We examine the impact of George Floyd’s murder on the review frequency and rating valence of Black-owned establishments, as well as on foot traffic to their storefronts. We integrate multiple datasets comprising Yelp reviews, US census demographics, and SafeGraph foot traffic data to demonstrate, using a difference-in-differences design, that Black-owned establishments received an increase in review frequency and rating valence in the wake of George Floyd’s murder but no significant increase in foot traffic. We posit a compensatory effect, whereby consumers chose to use product reviews to alleviate feelings of group-based guilt but do not necessarily increase their patronage of these establishments. Consistent with a compensatory mechanism, we find that the effects on ratings and reviews are short-lived and scale with the White population density in the surrounding area. This pattern of results is explained by integrating theories on group-based guilt, compensatory consumption, and system justification.


Peer Effects of Punishment (With Sarah Gordon and Derek Harmon)

This paper investigates the peer effects of punishment. In contrast to research suggesting that punishment acts as a deterrent to misconduct, we instead argue that punishment may increase the misconduct of the punished individual’s peers. We base our argument on the insight that when an individual is accused of misconduct and guilt is uncertain, their peers will perceive them to be less guilty of wrongdoing than would independent third parties. Thus, peers are likely to perceive even “just” punishments as excessively severe and unjust. In response to this perceived injustice, we argue that peers will engage in retaliatory misconduct. We test this argument using longitudinal data from the Chicago Police Department from 1980 to 2017. To address threats to inference from endogenous peer-group formation, we leverage a random lottery used by the Chicago Police Department to assign applicants to police-academy cohorts. Our findings demonstrate that punishment causes the subsequent misconduct of peers to increase. Consistent with our theory, we find that the effects are short-lived and become stronger as the severity of the punishment increases. Taken together, this study suggests that, rather than deter misconduct, organizations can unintentionally incite misconduct by punishing wrongdoers.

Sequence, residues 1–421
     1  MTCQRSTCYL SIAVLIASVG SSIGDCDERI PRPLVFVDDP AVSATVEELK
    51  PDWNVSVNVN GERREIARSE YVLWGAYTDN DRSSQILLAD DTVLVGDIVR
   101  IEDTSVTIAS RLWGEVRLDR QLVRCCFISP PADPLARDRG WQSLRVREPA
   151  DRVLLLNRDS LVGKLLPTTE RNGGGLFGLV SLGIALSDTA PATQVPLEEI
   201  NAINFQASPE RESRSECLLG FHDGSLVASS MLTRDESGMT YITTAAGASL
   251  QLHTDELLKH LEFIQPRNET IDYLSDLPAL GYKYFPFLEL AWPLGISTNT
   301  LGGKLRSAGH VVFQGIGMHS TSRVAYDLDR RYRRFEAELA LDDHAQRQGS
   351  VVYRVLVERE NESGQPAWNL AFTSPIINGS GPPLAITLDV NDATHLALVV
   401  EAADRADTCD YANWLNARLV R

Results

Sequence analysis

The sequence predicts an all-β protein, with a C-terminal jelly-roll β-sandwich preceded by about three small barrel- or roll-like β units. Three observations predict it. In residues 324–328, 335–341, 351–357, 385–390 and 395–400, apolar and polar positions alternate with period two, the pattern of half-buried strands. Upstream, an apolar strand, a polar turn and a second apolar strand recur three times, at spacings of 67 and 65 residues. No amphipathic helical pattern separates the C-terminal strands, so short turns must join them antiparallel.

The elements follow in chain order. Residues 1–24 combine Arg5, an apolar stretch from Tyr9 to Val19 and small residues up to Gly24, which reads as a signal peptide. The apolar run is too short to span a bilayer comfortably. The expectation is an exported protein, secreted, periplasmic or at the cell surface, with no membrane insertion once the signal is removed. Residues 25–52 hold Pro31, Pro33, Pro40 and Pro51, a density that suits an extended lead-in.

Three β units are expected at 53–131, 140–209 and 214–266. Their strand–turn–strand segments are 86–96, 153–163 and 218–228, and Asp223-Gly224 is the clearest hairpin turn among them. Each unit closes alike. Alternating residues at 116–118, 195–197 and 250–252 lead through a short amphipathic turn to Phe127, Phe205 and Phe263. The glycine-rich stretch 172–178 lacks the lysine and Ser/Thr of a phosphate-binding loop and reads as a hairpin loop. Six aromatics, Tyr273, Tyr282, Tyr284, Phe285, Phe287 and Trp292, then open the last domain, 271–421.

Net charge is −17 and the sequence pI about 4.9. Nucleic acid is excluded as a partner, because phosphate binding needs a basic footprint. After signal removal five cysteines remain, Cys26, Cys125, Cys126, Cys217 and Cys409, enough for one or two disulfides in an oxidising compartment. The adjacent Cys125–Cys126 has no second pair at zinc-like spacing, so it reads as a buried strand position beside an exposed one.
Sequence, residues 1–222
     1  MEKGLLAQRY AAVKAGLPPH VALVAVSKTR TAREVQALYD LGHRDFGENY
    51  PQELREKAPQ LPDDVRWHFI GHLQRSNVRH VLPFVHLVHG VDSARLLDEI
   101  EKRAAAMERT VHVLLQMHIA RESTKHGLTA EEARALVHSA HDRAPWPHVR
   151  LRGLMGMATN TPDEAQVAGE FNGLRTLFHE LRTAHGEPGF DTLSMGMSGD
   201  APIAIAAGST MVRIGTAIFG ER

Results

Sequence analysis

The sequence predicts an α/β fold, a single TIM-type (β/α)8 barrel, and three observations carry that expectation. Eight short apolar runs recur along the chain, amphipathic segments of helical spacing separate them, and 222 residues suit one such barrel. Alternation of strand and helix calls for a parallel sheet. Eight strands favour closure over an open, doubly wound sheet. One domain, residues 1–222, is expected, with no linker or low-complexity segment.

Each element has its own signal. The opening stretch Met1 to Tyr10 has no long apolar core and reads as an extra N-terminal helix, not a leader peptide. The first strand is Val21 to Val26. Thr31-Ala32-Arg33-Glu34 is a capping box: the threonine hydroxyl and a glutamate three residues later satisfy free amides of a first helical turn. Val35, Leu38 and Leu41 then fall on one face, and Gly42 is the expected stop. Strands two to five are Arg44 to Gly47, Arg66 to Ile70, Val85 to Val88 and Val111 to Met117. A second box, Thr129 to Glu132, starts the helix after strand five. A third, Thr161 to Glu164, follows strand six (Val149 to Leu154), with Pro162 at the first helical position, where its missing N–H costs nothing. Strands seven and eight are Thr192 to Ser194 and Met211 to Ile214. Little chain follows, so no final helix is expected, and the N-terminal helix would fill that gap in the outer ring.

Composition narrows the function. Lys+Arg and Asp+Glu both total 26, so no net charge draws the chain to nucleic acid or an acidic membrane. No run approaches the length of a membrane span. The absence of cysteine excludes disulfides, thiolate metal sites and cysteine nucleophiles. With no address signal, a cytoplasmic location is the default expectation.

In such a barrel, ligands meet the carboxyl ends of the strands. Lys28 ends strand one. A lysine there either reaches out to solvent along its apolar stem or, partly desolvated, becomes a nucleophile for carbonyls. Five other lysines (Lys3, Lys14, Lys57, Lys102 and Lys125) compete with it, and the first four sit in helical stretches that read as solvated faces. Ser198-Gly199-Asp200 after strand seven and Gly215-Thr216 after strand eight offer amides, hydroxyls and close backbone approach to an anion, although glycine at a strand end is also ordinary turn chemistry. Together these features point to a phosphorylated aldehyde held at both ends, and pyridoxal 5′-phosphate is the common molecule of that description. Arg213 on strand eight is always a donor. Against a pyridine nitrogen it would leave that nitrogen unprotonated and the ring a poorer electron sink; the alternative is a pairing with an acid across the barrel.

Does Money Corrupt? The Effect of Financial Performance on Organizational Misconduct (with Heejung Byun and Jihyeon Kim)
We investigate whether a firm’s financial performance impacts its likelihood of engaging in misconduct. On one hand, financial success may engender misconduct by spurring hubris, increasing risk tolerance, or inflating expectations and aspirations. On the other hand, increased financial performance may alleviate the financial strains that pressure firms to commit acts of misconduct. In this paper, we use a difference-in-differences design to exploit quasi-random fluctuations in retailers’ performance that result from the sale of large winning lottery tickets to show that increased financial performance reduces corporate misconduct. We find that the effects are larger for independent retailers. We also find that the effects are smaller for “corrupt” retailers (those with a history of misconduct). To identify the causal mechanism, we investigate whether the effects are driven by absolute performance or relative performance. Specifically, we leverage a second shock that temporarily increases the performance of all competitors similarly (only affects absolute performance). We find similar results. Our findings support strain theory, rule-in absolute performance as an operant mechanism, and suggest that increased financial performance may not be sufficient to rehabilitate an already-corrupt firm.